No, I wouldn’t want to live in Lüderitz. And the wind isn’t the only reason. Pleasant enough for two days’ stay – but imagine the stultification of residency! I can’t… It’s 220 miles to the next two horse town landwards; 4000 or more I guess, to the next town the opposite way; perhaps a couple of hundred miles up the coast to even the small port of Swarkopmund and similar down to Port Nolloth to the south. And I went THERE a few days ago and decided it was a once in a lifetime experience. A couple of days here will do!


It’s a town built on diamonds. In 1908 a railway worker picked up a shiny stone from sand he was shovelling away from the line and precipitated a diamond rush, for the stones are indeed to be found in the desert sand. Diamonds were formed – as a form of pure carbon, deep in the early volcanic earth in vertical ‘pipes’ of lava. Here on the coast of Namibia, those pipes wore away over millennia and diamonds were released into the shifting sands, rivers and the sea. Signs hereabouts warn me not to trespass off the roads into what are still diamond concession areas controlled by the government. However, it takes the mining of an average of 250 tons of ore to find one carat of diamonds. A carat is 0.2 of a gram, so I don’t think I’ll bother to drive into the concession area anyway. Long odds indeed.

The Goerke House was a mansions built by one of the diamond mine managers from Germany. He brought out his wife but she (like me) saw no reason to remain in what really must have felt like the absolute end of the world in the early years if the last century, and feels pretty much that way over 100 years later. It’s a strange Germanic house of the period built up on the grey rocks overlooking the town. All the materials were brought from Germany and it’s a peculiar oddity. ‘A beautiful house, who wouldn’t want to live here?’ comments the last person in the visitors’ book. Well, in Germany perhaps, but in Lüderitz..? Not me.

Herr Goerke enlisted in the German army for a time – around 1904… There appears to be a complete blank on the massacre about which I wrote last night. It’s not mentioned in any of the tourist leaflets and a visit to the museum seemed to express a national obliteration of the event. Not surprising perhaps, as the museum was created – and last updated, restored, or cleaned in 1966, and is largely in German, by Germans, apparently for Germans. The bloodbath of 75,000 murders seems to have been expunged from history and I wouldn’t know about it without Mr Wikipedia. A Frenchman staying in the guest house reckons there is still a case before the International Court about that genocide 109 years ago.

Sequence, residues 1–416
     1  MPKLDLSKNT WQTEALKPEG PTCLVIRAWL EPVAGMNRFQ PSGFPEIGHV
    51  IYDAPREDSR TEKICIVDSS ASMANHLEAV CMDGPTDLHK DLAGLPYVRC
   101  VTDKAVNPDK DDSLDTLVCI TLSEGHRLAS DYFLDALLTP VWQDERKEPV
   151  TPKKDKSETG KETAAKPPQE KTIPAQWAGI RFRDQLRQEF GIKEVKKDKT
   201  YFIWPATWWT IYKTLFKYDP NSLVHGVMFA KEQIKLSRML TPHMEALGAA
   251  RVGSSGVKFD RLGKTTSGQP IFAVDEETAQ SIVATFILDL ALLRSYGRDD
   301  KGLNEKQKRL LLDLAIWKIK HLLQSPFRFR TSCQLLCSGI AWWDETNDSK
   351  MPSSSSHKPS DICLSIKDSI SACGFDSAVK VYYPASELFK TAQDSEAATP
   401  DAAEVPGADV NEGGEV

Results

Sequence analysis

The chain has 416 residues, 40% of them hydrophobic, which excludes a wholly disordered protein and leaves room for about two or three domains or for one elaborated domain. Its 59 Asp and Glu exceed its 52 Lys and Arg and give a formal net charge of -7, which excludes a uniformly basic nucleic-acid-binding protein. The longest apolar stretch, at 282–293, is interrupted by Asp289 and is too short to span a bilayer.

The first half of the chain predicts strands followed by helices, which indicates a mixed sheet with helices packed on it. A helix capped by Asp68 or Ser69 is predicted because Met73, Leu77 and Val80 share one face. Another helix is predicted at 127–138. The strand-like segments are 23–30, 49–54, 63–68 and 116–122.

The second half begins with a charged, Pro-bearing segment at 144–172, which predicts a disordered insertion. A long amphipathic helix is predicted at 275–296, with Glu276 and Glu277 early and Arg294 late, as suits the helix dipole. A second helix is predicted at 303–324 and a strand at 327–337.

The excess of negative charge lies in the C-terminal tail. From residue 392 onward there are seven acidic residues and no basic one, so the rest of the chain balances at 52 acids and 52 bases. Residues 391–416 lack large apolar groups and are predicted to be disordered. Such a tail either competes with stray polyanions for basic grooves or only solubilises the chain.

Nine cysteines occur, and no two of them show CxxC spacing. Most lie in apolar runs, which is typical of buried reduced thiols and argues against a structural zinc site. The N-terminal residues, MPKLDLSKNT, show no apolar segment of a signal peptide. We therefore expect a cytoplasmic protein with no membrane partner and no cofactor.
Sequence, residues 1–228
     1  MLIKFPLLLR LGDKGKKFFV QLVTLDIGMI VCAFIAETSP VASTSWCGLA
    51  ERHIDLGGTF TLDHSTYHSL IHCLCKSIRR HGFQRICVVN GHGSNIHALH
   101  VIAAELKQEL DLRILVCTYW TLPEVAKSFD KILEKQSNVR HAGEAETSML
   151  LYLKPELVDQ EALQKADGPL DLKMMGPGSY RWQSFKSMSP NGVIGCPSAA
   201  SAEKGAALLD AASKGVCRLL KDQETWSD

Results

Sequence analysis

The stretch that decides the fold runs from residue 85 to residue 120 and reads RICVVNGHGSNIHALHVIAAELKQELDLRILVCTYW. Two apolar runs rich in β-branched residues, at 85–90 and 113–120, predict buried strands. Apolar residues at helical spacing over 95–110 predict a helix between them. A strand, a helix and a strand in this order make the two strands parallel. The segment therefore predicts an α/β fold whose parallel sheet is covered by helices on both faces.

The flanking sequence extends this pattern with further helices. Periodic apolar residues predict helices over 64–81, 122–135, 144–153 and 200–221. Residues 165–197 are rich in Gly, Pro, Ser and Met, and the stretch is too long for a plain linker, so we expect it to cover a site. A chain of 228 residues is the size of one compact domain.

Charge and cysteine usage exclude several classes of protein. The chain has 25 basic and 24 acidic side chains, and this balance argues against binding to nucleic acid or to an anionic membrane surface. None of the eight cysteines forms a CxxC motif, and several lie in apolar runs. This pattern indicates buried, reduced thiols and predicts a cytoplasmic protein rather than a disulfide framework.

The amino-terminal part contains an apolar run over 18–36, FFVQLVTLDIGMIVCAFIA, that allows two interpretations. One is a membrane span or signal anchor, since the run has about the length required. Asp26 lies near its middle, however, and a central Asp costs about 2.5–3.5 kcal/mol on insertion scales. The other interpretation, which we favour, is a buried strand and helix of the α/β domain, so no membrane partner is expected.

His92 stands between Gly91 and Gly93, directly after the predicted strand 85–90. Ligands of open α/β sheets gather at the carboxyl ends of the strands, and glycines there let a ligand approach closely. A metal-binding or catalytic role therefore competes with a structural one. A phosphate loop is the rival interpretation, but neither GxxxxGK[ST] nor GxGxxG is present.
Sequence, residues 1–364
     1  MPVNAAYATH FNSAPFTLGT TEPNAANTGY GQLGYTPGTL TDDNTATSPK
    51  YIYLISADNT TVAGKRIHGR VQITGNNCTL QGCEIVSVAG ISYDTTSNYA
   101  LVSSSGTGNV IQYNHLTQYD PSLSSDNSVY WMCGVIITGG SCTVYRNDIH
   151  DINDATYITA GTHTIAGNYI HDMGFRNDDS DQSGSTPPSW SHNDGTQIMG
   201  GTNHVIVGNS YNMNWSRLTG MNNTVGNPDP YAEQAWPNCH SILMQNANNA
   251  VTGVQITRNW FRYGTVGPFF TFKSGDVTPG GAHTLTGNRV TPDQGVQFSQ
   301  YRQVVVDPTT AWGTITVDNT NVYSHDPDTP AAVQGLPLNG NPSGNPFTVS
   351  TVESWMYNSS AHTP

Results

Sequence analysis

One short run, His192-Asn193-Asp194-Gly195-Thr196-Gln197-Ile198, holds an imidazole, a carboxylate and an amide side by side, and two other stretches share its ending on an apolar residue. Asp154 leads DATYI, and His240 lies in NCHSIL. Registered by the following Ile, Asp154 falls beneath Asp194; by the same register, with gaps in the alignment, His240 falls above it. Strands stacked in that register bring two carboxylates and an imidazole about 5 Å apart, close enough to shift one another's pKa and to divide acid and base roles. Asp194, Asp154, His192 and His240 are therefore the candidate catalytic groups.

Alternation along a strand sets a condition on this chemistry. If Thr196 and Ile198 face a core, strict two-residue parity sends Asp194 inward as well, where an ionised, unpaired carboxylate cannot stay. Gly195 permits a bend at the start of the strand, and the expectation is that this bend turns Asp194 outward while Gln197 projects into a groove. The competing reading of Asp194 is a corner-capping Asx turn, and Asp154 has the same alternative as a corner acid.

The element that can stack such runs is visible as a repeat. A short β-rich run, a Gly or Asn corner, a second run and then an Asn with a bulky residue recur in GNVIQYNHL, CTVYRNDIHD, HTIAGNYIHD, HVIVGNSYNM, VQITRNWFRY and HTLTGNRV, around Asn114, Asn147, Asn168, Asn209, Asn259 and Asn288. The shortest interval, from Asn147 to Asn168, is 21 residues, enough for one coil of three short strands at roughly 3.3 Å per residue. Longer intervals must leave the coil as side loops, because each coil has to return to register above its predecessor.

It’s always good to have my instincts confirmed. I have conversed with a Dutch couple staying here too these two evenings. They are riding bicycles through Namibia. They too have found it hard to strike up much rapport with Namibians, finding them generally reserved and distant, as I have been finding. They’ve travelled a lot in South Africa and find the South Africans much quicker to respond – black and white, than Namibians. Today I have elicited responses, but only by looking people directly in the eye and smiling with a greeting. In most cases I had a quiet reply. “You have to go to Lesotho!” I told the Dutch couple.

“Yes, but wouldn’t it be a bit difficult on bicycles?” Maybe they have a point!


I like my wheelhouse. Cosy and quirky. But there may well be another massacre if I lived in Lüderitz. Why, oh why, do people give house room to barking dogs? Another of life’s mysteries.


HOT!!! Wow, has today been HOT! Usually riding at sixty miles an hour brings a cooling breeze. Not today. It brought only a HOT wind. I suppose it has been at least 40 degrees most of the day. Now at almost 8.00 it is still very warm. Well, I AM in the oldest desert in the world and it didn’t get that singular distinction by being cool and clement. Doubtless it has been thus for millennia. I doubt I have ever been hotter.

Still, better that than single figures in Harberton! I can deal with 40 degree heat a lot better than 0 degrees.


But I am so happy I made this trip across the Namib Desert. It’s been extraordinary and a fine experience. And I still have a day’s ride to get back to the B1, the main north/south highway. Now I am in a small village called Aus, and its reason for existence is difficult to deduce. Perhaps a water supply? Or just a staging post in the desert, as it is on my journey. It’s just a small village – until you go and climb the nearby hill, as I did earlier this evening, and realise (as always) there’s another village over the hill. That one is basic and crude – and where the black people of Aus live of course, in small two roomed blocks and some associated shanties. I wonder if the German tourists around me as I sit on the balcony of the smart Aus Hotel (I am staying in a rather more economical place up the street!) even know there’s another largely hidden side to every place they visit on their guided tours – let alone have any knowledge of the precursor of the Holocaust about which I have written but to which I STILL find no reference whatsoever in the tourist histories? It’s just written off the face of Namibia presented for the Mark-carrying tourists!